“I’ve seen [Williams] not coaching as hard as I saw him coaching at Virginia Tech and Marquette, because of the trust that he has now with Jamie,” Reynolds said. “He trusts Jamie. He doesn’t have a problem with Jamie saying, ‘Let’s do this,’ or ‘Let’s do that.’”
However, just like the early days at New Orleans, two strong leaders sometimes have their disagreements. Williams and McNeilly have had their fair share, McNeilly said with a laugh.
“It kind of went from being yelled at and nothing was ever right, to almost being — not in a bad way, in a good way — being left alone, because of the trust there,” McNeilly said. “We’ve been through it all. We’ve gone through weeks where we’re not speaking with each other. We’ve yelled at each other. We’ve had workouts that kind of got intense.”
Williams’ tutelage helped McNeilly advance his career at the international stage, serving as an assistant coach for several levels of the Team Canada basketball program. In 2017, McNeilly helped earn his country its first gold medal in basketball with the U19 team’s FIBA World Cup victory. Canada defeated Team USA, and head coach John Calipari, in the semifinal round of the tournament. McNeilly will square off with Calipari again when the Aggies (14-12, 8-6 in SEC) host No. 8 Kentucky (22-5, 12-2 in SEC) at 6 p.m. Tuesday.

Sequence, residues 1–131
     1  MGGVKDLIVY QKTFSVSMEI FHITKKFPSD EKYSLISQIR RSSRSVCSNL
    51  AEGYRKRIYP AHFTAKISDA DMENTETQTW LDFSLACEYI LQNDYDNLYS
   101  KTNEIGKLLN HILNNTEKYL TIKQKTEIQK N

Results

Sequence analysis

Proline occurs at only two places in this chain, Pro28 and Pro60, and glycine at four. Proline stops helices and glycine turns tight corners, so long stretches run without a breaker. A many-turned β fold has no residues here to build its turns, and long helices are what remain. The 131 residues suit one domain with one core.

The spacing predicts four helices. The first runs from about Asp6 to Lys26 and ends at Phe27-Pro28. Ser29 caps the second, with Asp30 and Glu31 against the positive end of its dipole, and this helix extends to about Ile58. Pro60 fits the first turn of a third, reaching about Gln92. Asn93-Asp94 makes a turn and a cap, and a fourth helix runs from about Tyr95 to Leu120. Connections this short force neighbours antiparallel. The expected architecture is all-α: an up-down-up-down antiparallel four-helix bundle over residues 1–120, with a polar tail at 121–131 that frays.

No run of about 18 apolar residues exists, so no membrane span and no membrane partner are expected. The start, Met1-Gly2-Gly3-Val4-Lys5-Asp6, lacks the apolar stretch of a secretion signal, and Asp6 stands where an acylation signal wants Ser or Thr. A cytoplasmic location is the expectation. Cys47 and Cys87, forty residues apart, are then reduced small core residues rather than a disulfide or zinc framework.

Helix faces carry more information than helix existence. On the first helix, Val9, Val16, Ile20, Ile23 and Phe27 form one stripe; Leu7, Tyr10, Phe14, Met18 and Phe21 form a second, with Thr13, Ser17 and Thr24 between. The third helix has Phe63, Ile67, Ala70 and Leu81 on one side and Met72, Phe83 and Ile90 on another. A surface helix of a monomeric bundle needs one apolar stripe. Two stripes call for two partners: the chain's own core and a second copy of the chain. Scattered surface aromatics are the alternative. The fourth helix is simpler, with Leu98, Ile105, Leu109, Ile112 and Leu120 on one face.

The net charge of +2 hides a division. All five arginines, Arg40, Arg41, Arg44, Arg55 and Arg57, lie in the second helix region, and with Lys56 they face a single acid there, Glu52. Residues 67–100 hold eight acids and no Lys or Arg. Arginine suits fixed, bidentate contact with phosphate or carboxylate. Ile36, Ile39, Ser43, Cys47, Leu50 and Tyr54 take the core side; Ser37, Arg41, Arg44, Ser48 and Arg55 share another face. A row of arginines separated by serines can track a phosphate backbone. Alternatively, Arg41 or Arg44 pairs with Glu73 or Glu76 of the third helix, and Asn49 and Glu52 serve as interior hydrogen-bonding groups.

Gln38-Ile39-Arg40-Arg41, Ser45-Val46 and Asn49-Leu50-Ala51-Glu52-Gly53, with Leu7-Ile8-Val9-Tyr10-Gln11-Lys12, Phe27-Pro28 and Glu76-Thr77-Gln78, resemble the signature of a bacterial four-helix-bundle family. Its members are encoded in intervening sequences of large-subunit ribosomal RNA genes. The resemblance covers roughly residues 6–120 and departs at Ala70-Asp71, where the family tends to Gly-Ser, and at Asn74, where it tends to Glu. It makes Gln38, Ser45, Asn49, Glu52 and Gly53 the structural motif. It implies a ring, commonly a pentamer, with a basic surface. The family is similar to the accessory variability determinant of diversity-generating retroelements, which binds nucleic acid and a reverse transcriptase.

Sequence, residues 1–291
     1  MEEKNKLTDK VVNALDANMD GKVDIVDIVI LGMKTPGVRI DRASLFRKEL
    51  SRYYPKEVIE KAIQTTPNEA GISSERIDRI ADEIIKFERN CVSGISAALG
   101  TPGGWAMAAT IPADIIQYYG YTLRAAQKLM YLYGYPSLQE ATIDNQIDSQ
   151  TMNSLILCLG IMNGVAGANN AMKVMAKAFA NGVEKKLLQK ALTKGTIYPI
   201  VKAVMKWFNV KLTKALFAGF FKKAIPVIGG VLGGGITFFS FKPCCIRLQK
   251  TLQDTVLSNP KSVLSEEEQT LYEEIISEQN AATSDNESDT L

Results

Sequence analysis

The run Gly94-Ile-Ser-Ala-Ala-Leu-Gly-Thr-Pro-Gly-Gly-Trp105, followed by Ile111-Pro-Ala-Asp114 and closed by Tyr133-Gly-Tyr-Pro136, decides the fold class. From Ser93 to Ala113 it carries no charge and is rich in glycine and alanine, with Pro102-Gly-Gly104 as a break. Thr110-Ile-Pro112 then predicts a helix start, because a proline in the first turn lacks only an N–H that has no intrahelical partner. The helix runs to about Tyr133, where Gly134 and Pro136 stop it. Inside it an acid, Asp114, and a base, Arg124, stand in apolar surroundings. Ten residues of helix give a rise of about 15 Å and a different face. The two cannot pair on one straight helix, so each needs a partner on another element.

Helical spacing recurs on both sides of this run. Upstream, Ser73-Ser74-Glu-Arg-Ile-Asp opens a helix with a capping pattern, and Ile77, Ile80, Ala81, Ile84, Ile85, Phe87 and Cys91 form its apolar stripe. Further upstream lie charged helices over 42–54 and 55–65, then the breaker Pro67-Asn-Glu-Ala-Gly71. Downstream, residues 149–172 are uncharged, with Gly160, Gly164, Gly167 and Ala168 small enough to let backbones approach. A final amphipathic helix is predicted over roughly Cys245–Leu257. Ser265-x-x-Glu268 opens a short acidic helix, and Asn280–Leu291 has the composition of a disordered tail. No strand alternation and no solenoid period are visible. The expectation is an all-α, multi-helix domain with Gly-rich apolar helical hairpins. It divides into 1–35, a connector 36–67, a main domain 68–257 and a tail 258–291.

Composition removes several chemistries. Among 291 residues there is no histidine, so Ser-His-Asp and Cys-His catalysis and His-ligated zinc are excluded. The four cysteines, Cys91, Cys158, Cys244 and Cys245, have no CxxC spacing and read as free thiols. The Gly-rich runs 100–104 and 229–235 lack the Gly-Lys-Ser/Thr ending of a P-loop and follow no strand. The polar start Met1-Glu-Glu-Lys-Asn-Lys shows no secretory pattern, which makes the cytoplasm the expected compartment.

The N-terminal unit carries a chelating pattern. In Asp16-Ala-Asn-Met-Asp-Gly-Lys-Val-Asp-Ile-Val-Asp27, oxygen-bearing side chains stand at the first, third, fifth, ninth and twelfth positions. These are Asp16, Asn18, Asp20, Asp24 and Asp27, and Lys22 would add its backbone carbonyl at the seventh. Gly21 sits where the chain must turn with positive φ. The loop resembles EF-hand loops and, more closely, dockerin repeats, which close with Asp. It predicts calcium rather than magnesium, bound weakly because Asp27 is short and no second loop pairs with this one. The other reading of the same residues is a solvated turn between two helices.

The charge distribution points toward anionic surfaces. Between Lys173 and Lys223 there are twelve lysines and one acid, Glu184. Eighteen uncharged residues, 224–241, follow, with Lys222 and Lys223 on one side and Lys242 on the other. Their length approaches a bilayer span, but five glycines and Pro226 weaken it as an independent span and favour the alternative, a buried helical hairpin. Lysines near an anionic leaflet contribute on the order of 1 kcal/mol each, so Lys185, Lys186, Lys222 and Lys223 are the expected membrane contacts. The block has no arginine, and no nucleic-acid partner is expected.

McNeilly was also responsible for bringing freshman post Emanuel Miller, a player on that U19 team, from Toronto to Aggieland.
“I have a really close relationship with everyone on staff, but Jamie told me a lot of what I would be doing, and that’s one of the main reasons I came here,” Miller said. “I believe everything you want in life, you have to work hard for, and that’s one of Coach’s principles.”
How long can the coaches keep the band together? McNeilly said his only focus is pouring into the lives of the players he’s coaching and letting the future work itself out. But it’s been hard to avoid the buzz through college basketball ranks that says McNeilly is ready to be a head coach now.
“I take it as a compliment. I take it as very humbling,” McNeilly said. “Never in a million years would I have thought I would be coaching at this level, and more so getting a few praises and accolades from peers.”
Those who have followed his career closely promise it is just a matter of time.
“Jamie is a special guy, and when he gets to the head coaching ranks, I think people are going to quickly see how special he is,” Parlow said.